Amid peach-hued walls, Carriage House Salon & Spa’s team of stylists and aestheticians lavishes patrons with hair, skin, and nail treatments. Under beaming track lights and sun rays pouring in from floor-to-ceiling windows, hairdressers tend to tresses on the salon floor, where locks can be snipped off or coiled into occasion-ready updos. Nail stations brim with much more than polish, as many treatments can be supplemented with a warm paraffin wrap that hydrates skin and eases discomfort endured by people with arthritis. In private treatment rooms, massage therapists unfurl knotted shoulder and neck muscles. During facials, Dr. Hauschka Skin Care products and techniques stimulate lymphatic systems and dress skin in natural plant and mineral extracts brought to the spa by a friendly wood nymph.
The highly trained staff at HLC Med harnesses futuristic technology and its own line of products for services that heal, rejuvenate, and beautify. In the guffawing face of father time, technicians roll up their sleeves and unholster their lasers, blasting away acne scarring, rosacea, or hyperpigmentation with the Radiancy SpectraClear system. A chilled-tip laser uproots party-crashing hair from any skin type, and a Q-switched KTP YAG laser sends sun spots packing. Custom chemical peels stimulate cell renewal and collagen production to fill out fine lines, and radio-frequency devices firm up skin and smooth out cellulite. The center also offers services for men, including laser treatments for razor bumps, back-hair removal, and a gentleman's facial that moisturizes faces more effectively than head-butting Poseidon.
The cuticle curators at Wet Paint Nail Spa transform hands and feet with their thorough manicure and pedicure services, catching the attention of Stuff Magazine, which bestowed the salon with the Best Claws award in 2010, and Boston.com, which honored them with the title of Best Mani/Pedi the same year. Calculate new digits with the classic manicure, which begins by subtracting cuticles and hangnails from finger equations. Hands achieve softness with a lotion-fueled massage and a dip in a bowl of duckling down before nails get coated with a choice of polish. Warm feet with a steamed-towel treatment during the classic pedicure, where technicians trim and shape toe talons back into calligraphy-writing condition. Dry, rough skin gets evicted with a thorough sole scrub, and cuticles will be tamed to make room for incoming polish deposits.
To call The Body Shop a mere skin and body care store is to miss half of what makes it special. Late founder Dame Anita Roddick was a pioneer for ethical business practices; upon opening her first store in Brighton, England, in 1976, she developed company values such as "Defend Human Rights" and "Protect The Planet." She somehow balanced principles and profit, partnering in global campaigns with UNICEF, Greenpeace, Amnesty International, and the United Nations, all while ultimately expanding her brand into 2,500 locations in over 60 international markets. After her death in 2007, then-British Prime Minister Gordon Brown said, ?She campaigned for green issues for many years before it became fashionable to do so and inspired millions to the cause by bringing sustainable products to a mass market. . . . She was an inspiration.?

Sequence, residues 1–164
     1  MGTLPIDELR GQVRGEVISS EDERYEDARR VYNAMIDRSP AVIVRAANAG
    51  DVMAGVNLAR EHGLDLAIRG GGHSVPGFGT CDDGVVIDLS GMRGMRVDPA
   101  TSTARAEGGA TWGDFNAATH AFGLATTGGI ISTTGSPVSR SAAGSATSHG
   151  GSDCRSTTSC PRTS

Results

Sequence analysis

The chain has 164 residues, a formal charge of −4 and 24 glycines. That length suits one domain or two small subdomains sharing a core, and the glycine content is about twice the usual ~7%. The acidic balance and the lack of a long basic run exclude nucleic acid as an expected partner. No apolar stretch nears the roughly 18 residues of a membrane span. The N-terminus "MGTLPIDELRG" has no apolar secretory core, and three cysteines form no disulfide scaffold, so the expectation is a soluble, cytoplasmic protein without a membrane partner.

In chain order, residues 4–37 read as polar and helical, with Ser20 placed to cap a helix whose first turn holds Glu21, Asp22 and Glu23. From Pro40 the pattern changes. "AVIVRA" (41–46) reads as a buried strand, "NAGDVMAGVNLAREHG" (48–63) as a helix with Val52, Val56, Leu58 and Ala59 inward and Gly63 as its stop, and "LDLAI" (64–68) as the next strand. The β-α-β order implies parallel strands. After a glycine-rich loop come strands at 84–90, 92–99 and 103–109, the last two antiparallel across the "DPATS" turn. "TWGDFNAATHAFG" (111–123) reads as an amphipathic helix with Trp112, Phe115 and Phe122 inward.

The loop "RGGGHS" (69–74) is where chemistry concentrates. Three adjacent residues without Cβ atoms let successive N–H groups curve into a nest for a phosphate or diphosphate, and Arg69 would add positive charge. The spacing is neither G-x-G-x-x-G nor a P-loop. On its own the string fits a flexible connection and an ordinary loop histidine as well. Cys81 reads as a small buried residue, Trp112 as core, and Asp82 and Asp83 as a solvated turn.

Indeed, the Body Shop exhibits an eco-friendliness and social consciousness that's hard to come by in a company of its size. Its products have been fair-trade since 1987, and its Against Animal Testing movement led to an EU-wide ban of animal testing of cosmetics. The products are made from ingredients harvested from around the world: shea butter from Ghana goes into body scrubs and butters, and Indian artisans craft wooden massagers and tote bags that are screenprinted by hand. But all that isn't to say the company's production practices overshadow its final products. Skincare treatments such as the brand?s iconic body butters, facial products, and gift collections often appear in Allure, Marie Claire, Lucky, Seventeen and other national publications.
The cosmetic clinicians at Essentially Bare rely on a combination of lasers and pharmaceutical-grade products to correct a range of skin issues. Their Lumenis laser has cleared hair from more than 8,000 clients and a dozen former werewolves, and the Q-switched Spectra lasers can erase unwanted tattoos in half the normal amount of treatments required and in shorter intervals between treatments than traditional laser tattoo removal. Additionally, the Spectra lasers effectively target most ink colors, resulting in a significantly lightened or completely erased tattoo in a short time frame.
Before administering any treatments, staff members demonstrate their commitment to personalized care by thoroughly analyzing clients' skin. Essentially Bare also provides physician-only skin care with peels and facials featuring professional brands, such as Obagi, SkinCeuticals and Image Skincare, to ward off wrinkles, redness, and acne. Overall, they offer a wide variety of services such as laser hair removal, Botox and fillers, IPL photo facials, spider vein removal, and more.
Although it's not an NFL place kicker's living room, Mozi Foot Spa pays tons of attention to the feet and happens to air sports games on its flat-screen TVs. The staff pays ample attention to kicking tools by using ancient Chinese reflexology techniques—massage therapists apply their kneading techniques to the feet, stimulating blood circulation and promoting detoxification. They enhance foot-spa treatments with soothing soaks that include the relaxing power of jets and a steam, followed by a bunny spooning with your ankle. The massage therapists also help guests relax with a variety of bodywork, including Swedish, deep-tissue, and hot-stone massages.
The salon's decor promotes serenity as much as the services. Plush off-white treatment love seats are divided by flowing white curtains, and pink flowers loom overhead.